One of the problems was lack of precision. Here's the typical case that worked, running in my mockup:
In this case, where |dX| > |dY|, all is good. However, switch that around so that |dY| > |dX|, and you get the following:
(Fixed point isn't so good for holding values that tend towards infinity). The solution is to have two branches for the clipping arithmetic, switching to the alternative form when |dY| > |dX|.
m = (Y1 - Y0) / (X0 - X1) ; m is negative gradient.
c = Y0 + m x X0 ; Not sure what to call this, but it's used in all the below calculations
Clipping to y = 0:
x = c / m
y = 0
Clipping to y = +x:
y = c / (1 + m)
x = +y ; not used as we can skip having to transform.
Clipping to y = -x:
y = c / (1 - m)
x = -y ; not used as we can skip having to transform.
The reason for clipping to y = 0 is to make sure the line is clipped to the correct side.
If you look at the red and blue lines, you can see that the far out-of-range points both have x < 0. This indicates that you should clip to y = -x. However, the green line also has the far end at x < 0, but we actually need to clip to y = +x. We can fix this problem by first clipping to y = 0, then checking the sign of x.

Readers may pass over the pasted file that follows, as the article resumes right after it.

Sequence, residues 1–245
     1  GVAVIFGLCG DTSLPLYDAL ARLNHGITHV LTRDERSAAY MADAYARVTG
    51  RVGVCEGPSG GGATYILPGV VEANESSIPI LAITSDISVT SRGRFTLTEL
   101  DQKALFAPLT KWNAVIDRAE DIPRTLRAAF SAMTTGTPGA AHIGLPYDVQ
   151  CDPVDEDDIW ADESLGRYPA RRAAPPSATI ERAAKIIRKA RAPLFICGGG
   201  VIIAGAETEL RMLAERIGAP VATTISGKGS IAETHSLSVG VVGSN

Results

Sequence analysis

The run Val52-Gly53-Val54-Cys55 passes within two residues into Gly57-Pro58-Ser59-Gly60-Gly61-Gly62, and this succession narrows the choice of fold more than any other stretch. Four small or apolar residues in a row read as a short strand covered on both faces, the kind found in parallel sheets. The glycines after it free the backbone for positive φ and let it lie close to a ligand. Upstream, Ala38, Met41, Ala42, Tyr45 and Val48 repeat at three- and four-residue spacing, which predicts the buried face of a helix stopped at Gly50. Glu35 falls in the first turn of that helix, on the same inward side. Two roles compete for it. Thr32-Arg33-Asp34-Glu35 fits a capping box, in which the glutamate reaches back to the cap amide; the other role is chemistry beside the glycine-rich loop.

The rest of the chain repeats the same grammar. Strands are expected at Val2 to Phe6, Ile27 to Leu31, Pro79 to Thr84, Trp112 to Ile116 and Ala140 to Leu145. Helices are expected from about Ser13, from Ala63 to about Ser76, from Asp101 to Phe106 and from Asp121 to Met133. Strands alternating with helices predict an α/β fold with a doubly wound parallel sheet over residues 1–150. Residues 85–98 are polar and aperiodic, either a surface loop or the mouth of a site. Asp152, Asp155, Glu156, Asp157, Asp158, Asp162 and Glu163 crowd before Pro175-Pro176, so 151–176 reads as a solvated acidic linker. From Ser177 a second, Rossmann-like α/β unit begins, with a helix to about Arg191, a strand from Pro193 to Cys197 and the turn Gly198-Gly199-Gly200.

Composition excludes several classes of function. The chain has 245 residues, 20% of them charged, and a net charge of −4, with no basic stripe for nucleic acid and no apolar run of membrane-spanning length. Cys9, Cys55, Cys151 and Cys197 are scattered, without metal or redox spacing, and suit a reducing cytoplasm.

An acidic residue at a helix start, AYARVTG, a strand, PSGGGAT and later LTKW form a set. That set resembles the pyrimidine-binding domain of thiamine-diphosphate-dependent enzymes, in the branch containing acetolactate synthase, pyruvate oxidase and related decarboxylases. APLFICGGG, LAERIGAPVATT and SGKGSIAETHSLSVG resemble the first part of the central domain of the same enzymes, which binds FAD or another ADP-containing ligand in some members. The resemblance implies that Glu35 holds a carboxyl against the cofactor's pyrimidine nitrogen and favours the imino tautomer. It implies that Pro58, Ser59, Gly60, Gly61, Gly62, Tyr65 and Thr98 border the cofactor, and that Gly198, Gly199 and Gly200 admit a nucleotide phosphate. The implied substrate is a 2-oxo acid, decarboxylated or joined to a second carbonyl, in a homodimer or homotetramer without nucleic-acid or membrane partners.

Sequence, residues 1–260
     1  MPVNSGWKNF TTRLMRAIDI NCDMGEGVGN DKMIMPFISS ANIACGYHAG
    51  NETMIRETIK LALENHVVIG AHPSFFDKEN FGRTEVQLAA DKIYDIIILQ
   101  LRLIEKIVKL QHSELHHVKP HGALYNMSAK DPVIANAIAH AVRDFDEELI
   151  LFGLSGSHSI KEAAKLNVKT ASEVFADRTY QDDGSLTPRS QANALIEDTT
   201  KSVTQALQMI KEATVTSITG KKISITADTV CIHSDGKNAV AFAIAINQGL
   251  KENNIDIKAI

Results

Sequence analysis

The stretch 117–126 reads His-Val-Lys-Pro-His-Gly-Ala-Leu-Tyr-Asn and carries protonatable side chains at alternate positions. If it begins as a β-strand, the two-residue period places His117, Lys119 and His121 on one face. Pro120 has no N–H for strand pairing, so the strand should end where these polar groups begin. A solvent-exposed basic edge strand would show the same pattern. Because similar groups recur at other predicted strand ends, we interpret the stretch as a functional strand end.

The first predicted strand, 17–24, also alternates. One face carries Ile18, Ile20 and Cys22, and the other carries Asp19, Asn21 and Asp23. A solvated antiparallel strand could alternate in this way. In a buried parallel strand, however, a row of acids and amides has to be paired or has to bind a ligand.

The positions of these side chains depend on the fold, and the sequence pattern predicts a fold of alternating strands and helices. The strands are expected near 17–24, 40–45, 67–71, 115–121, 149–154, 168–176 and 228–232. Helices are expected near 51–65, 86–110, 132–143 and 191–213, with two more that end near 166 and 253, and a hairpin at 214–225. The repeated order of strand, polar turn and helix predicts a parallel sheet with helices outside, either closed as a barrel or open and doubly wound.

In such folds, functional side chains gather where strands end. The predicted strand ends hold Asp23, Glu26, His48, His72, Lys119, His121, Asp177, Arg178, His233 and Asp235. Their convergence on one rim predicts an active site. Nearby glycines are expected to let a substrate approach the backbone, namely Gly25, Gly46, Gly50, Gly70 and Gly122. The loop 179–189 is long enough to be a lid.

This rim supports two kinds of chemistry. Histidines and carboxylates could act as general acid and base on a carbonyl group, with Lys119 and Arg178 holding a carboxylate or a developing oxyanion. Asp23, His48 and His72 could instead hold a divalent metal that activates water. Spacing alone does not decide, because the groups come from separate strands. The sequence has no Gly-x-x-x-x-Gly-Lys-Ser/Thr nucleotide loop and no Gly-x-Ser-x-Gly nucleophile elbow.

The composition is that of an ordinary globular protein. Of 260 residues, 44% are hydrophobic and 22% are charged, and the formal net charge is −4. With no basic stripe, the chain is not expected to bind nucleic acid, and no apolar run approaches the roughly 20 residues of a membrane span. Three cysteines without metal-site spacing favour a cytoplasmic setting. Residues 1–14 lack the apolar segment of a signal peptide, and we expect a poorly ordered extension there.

To fix the steep gradient problem, I just need to switch to these alternative sums:
First up, the gradient and c are calculated as:
m = (X0 - X1) / (Y1 - Y0) ; Flipped
c = X0 + m x Y0 ; Again, X/Y flipped.
For clipping to y = 0:
x = c ; No need to divide by m!
The only other difference is to make sure that when clipping y = -x:
y = c / (m - 1) ; as opposed to (1 - m)
...and all is hunky-dory.
The only remaining problem is if you are positioned directly inside a wall, which collision detection should fix.